People are taking this free-to-play hockey game very seriously

Slapshot is similar to a game called Hockey?, in that rather than triggering an animation to shoot as in the 2K and EA NHL games, you manually control your stick at every step, flicking your mouse to swing it harder and whack the puck. (And, obviously, because it's also hockey.)

Slapshot is littler easier to get the hang of than Hockey?, because it's in third-person, though it doesn't offer quite the same fine puck control. It's more like sliding around the rink as a Fisher-Price toy. You can push the puck with your body or attempt to stickhandle and shoot by moving the mouse left or right to spin around.

As Slapshot is free-to-play on Steam, it seemed like a place burnt out Rocket League players might coalesce, and I wasn't disappointed—spamming some Rocket League quickchat lines got an immediate response—but the awkward shooting and skating (the Fisher-Price toys just glide around like the puck itself) didn't deaden anyone's competitive spirit.

While I was chasing the puck and spinning around wildly, hoping to get any kind of shot off, some of my opponents were deftly stickhandling, moving from forehand to backhand, shooting lasers down the ice. Meanwhile, some of my teammates were imploring me to rotate—that is, replace teammates when they vacate a defensive position to go after the puck—and to stop puck chasing. One teammate quit because I bumped into him after he chastised me, but I was just trying to simulate a bit of on-ice teammate drama. As the NHL postseason approaches, I guess hockey fans aren't in the mood to goof off. No one's going to beat Tampa Bay with a flippant attitude.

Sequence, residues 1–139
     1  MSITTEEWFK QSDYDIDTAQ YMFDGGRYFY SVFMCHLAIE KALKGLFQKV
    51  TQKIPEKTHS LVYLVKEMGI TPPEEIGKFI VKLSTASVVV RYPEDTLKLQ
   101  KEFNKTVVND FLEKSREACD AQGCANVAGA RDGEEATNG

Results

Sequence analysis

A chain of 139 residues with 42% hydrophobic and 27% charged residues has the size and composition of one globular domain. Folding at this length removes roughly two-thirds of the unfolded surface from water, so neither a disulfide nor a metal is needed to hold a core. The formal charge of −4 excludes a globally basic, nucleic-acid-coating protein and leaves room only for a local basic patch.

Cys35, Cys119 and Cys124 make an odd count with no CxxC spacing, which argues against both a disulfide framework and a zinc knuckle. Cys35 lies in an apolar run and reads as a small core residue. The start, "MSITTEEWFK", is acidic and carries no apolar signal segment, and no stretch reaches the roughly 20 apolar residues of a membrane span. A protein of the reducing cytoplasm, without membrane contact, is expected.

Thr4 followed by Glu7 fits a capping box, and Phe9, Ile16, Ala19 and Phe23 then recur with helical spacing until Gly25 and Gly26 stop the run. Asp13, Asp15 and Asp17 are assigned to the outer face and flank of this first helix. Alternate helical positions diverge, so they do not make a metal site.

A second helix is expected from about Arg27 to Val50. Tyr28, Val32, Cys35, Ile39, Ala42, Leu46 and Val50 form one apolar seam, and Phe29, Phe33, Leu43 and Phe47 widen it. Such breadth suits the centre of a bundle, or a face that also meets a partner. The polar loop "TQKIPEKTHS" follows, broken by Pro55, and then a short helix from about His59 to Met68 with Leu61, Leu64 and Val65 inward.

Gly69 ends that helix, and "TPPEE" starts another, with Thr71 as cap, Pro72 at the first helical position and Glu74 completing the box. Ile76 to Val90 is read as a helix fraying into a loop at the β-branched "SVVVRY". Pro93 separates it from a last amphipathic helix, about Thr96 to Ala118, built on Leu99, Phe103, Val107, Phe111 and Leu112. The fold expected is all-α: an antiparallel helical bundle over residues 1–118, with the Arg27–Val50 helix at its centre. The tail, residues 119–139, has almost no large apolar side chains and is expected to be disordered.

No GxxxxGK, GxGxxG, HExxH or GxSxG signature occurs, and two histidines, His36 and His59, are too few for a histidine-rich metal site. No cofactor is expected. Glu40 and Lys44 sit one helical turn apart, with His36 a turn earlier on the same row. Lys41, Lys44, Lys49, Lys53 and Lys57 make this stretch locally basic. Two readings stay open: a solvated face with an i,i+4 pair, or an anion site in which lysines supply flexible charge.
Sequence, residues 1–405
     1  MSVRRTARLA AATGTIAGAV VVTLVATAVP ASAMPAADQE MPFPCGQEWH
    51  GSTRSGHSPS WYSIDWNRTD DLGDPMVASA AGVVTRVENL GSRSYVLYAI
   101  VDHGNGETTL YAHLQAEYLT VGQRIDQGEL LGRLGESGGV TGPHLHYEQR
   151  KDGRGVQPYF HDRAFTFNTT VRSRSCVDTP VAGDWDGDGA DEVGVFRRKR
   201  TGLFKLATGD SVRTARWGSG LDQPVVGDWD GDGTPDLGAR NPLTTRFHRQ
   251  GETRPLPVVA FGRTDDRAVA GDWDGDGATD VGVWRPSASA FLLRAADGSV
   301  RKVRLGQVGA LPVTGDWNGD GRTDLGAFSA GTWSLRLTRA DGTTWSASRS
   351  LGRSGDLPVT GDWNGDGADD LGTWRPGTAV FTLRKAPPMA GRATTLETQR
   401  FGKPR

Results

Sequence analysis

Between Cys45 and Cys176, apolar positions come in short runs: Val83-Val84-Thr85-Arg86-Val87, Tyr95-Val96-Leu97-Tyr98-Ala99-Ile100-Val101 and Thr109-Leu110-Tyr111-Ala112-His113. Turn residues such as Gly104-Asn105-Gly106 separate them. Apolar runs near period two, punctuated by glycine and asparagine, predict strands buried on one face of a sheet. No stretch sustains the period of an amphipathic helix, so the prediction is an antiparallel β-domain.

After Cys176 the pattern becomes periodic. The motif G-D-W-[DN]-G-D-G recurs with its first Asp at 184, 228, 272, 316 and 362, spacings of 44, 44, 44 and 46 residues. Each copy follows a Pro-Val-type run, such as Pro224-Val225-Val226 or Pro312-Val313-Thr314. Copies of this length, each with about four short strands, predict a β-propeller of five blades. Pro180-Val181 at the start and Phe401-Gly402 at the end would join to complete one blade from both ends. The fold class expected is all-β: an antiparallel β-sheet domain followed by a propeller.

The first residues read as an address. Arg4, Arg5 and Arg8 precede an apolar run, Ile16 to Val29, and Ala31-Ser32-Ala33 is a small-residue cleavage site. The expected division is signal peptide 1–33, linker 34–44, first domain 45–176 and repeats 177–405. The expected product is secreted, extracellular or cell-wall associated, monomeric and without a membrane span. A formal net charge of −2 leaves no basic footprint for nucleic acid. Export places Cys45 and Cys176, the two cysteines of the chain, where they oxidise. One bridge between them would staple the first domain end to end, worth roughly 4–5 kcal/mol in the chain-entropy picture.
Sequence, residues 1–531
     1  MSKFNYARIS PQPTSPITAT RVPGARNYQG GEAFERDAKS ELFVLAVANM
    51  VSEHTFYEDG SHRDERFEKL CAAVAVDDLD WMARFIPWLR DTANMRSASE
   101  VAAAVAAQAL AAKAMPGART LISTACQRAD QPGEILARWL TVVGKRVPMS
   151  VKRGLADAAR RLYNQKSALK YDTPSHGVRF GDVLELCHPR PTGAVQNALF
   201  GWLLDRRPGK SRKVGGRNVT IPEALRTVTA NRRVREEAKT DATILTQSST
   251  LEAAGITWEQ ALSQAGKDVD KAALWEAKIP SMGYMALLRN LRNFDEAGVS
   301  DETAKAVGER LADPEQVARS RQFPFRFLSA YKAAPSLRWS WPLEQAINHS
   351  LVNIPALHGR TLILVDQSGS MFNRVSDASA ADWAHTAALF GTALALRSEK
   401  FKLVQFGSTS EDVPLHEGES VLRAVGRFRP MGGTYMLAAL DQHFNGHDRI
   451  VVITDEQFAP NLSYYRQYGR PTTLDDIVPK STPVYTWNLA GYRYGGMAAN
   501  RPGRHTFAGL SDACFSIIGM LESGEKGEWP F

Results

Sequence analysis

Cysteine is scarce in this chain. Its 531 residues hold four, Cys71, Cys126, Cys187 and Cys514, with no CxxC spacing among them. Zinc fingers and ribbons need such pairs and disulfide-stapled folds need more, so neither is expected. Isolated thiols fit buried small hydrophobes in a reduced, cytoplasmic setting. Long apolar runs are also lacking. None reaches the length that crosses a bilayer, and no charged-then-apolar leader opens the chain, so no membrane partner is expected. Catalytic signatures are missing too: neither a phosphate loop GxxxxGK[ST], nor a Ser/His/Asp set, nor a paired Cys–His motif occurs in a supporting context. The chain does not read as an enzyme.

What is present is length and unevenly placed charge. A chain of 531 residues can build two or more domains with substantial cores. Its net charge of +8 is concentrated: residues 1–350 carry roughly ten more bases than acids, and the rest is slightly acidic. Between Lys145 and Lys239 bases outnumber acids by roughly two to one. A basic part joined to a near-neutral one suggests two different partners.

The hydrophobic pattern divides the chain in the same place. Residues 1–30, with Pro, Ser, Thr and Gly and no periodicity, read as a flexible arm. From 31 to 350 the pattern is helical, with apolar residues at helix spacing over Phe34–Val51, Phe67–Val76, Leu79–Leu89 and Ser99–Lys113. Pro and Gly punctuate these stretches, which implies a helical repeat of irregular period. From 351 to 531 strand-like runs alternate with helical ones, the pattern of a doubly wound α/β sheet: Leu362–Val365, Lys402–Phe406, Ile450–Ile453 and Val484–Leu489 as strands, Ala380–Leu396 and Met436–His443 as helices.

Above: I'm bad, but thanks to Julez my plus-minus got a bump.

As my frustrated teammates knew, Slapshot, and hockey, are all about teamwork—being in the right place at the right time, taking hits to make the play, hitting passes, all that color commentator stuff. Bunching up like kids doesn't work. 

Slapshot's presentation leaves something to be desired, and controlling the stick is uncomfortable in a way that's hard to describe—like trying to get to a specific number on a volume slider, but every time you move your mouse it accelerates to 11. But it's fun, and free, and players are taking its depth and teamwork seriously. As the developers work through their roadmap, I could see Slapshot becoming an occasional game in my party's rotation, at least whenever the friends need a break from CS:GO.

You can pick up Slapshot on Steam. For $10 you can unlock the 'full version,' which lets you customize the look of your character.